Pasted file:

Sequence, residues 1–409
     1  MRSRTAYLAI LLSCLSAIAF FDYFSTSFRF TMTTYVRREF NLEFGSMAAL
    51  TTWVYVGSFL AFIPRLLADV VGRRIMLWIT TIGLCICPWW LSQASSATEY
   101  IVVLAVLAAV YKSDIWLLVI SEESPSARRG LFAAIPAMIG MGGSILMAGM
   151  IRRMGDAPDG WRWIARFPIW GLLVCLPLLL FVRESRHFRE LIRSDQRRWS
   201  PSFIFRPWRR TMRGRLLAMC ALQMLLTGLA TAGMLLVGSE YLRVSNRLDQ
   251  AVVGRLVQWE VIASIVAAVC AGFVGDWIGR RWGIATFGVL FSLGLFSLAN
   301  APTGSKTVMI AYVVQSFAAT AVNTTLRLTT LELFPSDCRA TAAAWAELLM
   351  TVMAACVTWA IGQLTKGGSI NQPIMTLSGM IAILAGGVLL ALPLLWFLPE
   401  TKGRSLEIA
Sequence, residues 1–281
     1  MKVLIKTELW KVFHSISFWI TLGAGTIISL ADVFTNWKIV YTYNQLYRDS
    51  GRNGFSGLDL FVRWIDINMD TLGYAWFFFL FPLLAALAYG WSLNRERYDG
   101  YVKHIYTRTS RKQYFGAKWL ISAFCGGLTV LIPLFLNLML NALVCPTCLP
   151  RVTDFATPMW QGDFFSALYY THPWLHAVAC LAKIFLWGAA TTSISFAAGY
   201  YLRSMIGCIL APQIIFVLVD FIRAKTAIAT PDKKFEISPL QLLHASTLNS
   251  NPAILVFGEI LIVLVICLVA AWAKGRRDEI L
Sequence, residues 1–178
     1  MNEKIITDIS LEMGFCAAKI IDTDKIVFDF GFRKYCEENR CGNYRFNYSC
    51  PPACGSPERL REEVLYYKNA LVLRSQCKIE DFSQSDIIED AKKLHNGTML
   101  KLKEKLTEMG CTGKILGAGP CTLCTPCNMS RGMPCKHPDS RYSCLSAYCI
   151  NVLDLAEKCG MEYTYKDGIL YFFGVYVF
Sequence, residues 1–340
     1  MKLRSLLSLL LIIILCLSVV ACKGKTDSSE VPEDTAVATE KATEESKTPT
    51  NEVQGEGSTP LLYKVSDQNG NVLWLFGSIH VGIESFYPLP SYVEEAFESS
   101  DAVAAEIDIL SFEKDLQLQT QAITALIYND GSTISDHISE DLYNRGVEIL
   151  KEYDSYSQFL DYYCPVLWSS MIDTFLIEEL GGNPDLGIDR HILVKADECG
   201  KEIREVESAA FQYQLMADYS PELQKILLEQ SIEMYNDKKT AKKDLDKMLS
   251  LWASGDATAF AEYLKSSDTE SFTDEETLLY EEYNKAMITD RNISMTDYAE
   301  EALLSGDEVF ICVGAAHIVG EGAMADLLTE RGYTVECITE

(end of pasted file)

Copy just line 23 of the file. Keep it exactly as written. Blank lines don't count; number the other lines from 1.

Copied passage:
Sequence, residues 1–340